But the other side of this can be just as extreme. Weight loss is all I and so many other women have known for years, yet so many people I've communicated with in the body-positive movement make it clear to me that we are not supposed to talk about weight loss at all. But by not talking about the monster under the bed, we give that monster more power, and I wind up feeling even more anxiety.
When I once posted on a body-positive Facebook group, asking how people were dealing with the pressure to lose weight, I was immediately made to feel bad. I was told I should just tell people to not talk to me about their diet, cleanse my social media and find a doctor who practices Health at Every Size (a philosophy that respects differences in body types and focuses on health rather than weight loss). I was told that if I really loved myself, I wouldn’t be asking that question and I wouldn’t care what anyone thinks of my body. I would wear bikinis and feel no shame.
And this is where I knew that the body positivity movement, or at least the one I had found online, wasn’t something I’d be good at. I knew that me loving myself didn’t look like wearing a bikini, or telling people to stop talking about diets or fighting with medical professionals. Self-love to me, is being okay with my desire to diet, with my desire to not diet, with me being a conflicted human being and wanting to figure out why I am the way I am.
Also, I couldn’t help but notice that so many of the dietitians pushing intuitive eating are thin, white women. How can a thin person tell me to stop dieting? How can they understand what my life is like? Do they understand how I’m treated by doctors who are supposed to be helping me? Or that when I’m grocery shopping, people will comment on what’s in my cart? Or that passersby will fling derogatory terms at me as they’re driving by? I am larger than life yet invisible at the same time. People notice when I walk in the room but want nothing to do with me, because obviously if I knew how fat I was, I would do something about it.
When I'm thinner, I am treated so much better. I am respected, even though I am still the same person! So do I choose a life where weight loss/maintenance consumes 80% of my life, or do a choose a life of growth, creativity, loving and enjoying my family, celebrating life with delicious home-cooked meals, and stimulating conversations? I am treated better when I’m thinner, but I live more authentically when I’m fat. It’s exhausting. I still crave that approval from society, but as I’ve gotten older I realize I just don’t have enough gas in my tank to focus on it. I need to use the energy I have to care for my children and my marriage, to work, be creative and rest. I am unwilling to relinquish all of that to try and make my body more appealing to society.
Finding a middle ground
During the pandemic, rather than continuing to think about my body, I decided to explore other interests. I started gardening, dabbling in hydroponics, podcasting and even woodworking. I didn’t have the time or energy to explore any of these things when I was dieting or involved with the body-positive movement. I also found a HAES-focused doctor, who told me she doesn’t care what the scale says and doesn’t blame every physical issue on my size — but she does want to hear about my own feelings about my weight. I feel like I’ve finally found a doctor who sees me as worthy of good medical care.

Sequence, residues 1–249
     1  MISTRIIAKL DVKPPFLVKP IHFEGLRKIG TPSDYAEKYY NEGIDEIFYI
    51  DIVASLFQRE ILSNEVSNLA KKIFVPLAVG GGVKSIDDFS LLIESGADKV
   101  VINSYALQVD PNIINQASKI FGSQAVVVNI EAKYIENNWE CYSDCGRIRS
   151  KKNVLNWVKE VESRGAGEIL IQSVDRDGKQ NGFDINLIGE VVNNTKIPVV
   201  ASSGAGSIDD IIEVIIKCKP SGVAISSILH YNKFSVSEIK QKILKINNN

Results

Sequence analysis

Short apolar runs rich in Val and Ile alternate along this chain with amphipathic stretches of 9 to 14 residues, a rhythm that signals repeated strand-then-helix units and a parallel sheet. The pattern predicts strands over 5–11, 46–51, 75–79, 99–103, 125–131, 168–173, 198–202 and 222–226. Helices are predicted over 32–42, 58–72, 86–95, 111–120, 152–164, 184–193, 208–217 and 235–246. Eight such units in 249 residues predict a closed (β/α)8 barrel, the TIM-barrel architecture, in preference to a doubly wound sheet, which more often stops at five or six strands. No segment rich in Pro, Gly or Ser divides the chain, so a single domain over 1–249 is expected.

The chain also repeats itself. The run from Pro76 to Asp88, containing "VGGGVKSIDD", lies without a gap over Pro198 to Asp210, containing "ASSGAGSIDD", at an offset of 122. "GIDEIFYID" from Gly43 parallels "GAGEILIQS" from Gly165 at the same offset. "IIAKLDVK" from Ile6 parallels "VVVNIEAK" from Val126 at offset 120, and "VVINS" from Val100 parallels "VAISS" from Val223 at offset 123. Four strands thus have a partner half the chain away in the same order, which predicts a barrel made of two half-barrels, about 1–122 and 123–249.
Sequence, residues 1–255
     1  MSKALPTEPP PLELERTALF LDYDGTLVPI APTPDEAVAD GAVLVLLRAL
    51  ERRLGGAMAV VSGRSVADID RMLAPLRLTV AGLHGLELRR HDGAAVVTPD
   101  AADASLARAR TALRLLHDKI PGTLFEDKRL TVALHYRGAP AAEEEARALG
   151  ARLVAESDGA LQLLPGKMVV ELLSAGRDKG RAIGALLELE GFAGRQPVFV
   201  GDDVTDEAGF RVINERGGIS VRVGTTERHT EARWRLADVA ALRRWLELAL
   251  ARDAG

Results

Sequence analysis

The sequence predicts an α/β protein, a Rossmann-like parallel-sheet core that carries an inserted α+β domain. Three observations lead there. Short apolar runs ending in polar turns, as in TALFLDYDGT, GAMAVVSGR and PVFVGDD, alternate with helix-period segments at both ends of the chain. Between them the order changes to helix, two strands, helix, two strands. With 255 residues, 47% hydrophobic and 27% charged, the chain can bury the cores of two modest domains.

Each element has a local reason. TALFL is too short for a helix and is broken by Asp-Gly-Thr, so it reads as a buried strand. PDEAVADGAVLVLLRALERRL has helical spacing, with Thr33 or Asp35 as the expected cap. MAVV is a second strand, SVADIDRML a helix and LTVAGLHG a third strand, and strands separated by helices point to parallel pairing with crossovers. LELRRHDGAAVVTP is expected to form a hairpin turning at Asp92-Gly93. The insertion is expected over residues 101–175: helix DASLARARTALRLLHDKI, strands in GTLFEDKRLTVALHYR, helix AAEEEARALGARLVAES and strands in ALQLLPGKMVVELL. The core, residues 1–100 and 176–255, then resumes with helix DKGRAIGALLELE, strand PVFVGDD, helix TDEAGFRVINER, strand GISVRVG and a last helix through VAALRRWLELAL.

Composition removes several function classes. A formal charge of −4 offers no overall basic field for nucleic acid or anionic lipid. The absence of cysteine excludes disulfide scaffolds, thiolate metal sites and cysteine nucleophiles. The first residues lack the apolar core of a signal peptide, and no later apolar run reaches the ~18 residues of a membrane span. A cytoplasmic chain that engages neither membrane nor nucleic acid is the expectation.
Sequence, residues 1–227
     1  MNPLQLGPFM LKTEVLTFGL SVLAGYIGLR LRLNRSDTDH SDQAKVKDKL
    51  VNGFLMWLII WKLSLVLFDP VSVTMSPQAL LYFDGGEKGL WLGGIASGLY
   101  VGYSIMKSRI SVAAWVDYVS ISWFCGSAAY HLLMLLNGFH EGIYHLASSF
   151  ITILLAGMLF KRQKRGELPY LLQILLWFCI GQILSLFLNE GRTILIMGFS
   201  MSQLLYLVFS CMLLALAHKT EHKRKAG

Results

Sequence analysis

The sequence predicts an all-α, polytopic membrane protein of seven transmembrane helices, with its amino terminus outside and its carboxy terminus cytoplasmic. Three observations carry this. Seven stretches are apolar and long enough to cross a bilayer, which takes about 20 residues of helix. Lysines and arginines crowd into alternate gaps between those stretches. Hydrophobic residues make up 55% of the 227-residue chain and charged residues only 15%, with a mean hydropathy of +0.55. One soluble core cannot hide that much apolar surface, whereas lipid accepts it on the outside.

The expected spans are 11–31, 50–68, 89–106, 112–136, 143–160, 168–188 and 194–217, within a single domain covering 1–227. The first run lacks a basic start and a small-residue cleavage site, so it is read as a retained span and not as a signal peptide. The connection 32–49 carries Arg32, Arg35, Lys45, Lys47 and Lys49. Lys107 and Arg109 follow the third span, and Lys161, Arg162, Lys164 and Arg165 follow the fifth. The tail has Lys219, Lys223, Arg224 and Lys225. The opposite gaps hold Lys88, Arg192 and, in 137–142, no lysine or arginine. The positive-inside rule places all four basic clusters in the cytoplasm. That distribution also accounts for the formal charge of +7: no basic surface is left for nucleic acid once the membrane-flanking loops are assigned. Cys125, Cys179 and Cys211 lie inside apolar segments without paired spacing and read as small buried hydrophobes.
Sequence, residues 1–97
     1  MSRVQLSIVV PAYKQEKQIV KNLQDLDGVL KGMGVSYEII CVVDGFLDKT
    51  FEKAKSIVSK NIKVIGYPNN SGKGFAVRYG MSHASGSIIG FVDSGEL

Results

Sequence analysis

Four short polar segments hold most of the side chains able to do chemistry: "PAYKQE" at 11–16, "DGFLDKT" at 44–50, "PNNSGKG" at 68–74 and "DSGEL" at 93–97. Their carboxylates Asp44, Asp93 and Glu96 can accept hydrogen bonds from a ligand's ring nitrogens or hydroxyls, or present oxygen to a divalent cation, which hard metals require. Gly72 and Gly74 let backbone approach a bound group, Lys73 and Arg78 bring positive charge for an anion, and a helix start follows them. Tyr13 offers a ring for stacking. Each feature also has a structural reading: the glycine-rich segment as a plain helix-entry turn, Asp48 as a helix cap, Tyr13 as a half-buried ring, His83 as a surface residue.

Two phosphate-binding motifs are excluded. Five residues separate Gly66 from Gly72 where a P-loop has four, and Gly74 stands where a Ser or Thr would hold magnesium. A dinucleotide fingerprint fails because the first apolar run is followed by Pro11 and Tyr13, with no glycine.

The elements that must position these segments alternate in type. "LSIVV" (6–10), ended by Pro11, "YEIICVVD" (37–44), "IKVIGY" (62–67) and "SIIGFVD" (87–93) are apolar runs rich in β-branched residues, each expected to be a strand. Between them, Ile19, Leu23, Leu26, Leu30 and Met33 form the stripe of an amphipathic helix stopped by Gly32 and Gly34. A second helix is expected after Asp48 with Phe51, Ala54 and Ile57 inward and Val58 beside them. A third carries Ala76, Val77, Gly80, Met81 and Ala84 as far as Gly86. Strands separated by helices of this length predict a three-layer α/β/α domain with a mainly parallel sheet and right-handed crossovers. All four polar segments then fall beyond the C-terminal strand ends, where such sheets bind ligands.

I still don’t know how I feel about dieting or the body positive movement. I feel like there is value in both camps. Weight stigma is terrible and should be eradicated, and I think the push to normalize different body shapes and sizes is also important. However, I don’t think we should avoid talking about the fact that some of us do have a desire to change our bodies. I think it’s normal to want to have other people think you look good. I want to be thin (and therefore celebrated by society), rich and have mad woodworking skills. But the truth is I will most likely always be a large middle-class woman who will be working toward making peace with decades of fat hate. I may go on another diet, I may be disgusted with my body during vulnerable moments, I may be totally okay with my body in other moments.
I’m not going to pretend I don’t desire to be a smaller size and blend into society from time to time. I’m also not going to beat my body into weight-loss submission. Both sides of this issue feel stifling to me. We can’t simply sweep the intense weight-focused beliefs our society has held for decades under the rug. By not talking about the desire to change our bodies, its as if the body-positive movement is in a state of denial about how toxic weight-focused beliefs have affected us. We need to talk about how this has shaped our beliefs and values. I don’t know what the answers are, but I’m not going to pretend to be something I’m not — and that alone tends to lower my blood pressure.
Good Housekeeping is committed to exploring how we think about weight, the way we eat and how we try to control or change our bodies in our quest to be happier and healthier. While GH also publishes weight loss content and endeavors to do so in a responsible, science-backed way, we think it’s important to present a broad perspective that allows for a fuller understanding of the complex thinking about health and body weight. Our goal here is not to tell you how to think, eat, or live — nor is to to pass judgment on how you choose to nourish your body — but rather to start a conversation about diet culture, its impact and how we might challenge the messages we are given about what makes us attractive, successful and healthy. To read more, explore our Anti-Diet series, which includes articles on why it's so hard to lose weight, why the BMI is so wrong for so many people, the dangers of fatphobia and more.